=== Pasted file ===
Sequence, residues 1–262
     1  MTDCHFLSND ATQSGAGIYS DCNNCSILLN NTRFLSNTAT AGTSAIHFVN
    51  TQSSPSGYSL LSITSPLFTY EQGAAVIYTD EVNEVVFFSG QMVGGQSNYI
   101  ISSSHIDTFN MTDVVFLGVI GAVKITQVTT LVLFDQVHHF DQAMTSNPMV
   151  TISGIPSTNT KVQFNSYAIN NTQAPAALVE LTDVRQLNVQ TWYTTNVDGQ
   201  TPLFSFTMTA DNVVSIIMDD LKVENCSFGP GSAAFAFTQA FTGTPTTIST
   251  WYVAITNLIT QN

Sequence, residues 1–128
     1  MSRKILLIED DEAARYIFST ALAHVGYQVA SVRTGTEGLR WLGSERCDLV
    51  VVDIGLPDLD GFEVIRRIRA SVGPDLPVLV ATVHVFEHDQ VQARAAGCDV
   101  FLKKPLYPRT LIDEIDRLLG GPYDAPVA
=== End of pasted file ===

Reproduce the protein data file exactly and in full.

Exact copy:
Sequence, residues 1–262
     1  MTDCHFLSND ATQSGAGIYS DCNNCSILLN NTRFLSNTAT AGTSAIHFVN
    51  TQSSPSGYSL LSITSPLFTY EQGAAVIYTD EVNEVVFFSG QMVGGQSNYI
   101  ISSSHIDTFN MTDVVFLGVI GAVKITQVTT LVLFDQVHHF DQAMTSNPMV
   151  TISGIPSTNT KVQFNSYAIN NTQAPAALVE LTDVRQLNVQ TWYTTNVDGQ
   201  TPLFSFTMTA DNVVSIIMDD LKVENCSFGP GSAAFAFTQA FTGTPTTIST
   251  WYVAITNLIT QN

Sequence, residues 1–128
     1  MSRKILLIED DEAARYIFST ALAHVGYQVA SVRTGTEGLR WLGSERCDLV
    51  VVDIGLPDLD GFEVIRRIRA SVGPDLPVLV ATVHVFEHDQ VQARAAGCDV
   101  FLKKPLYPRT LIDEIDRLLG GPYDAPVA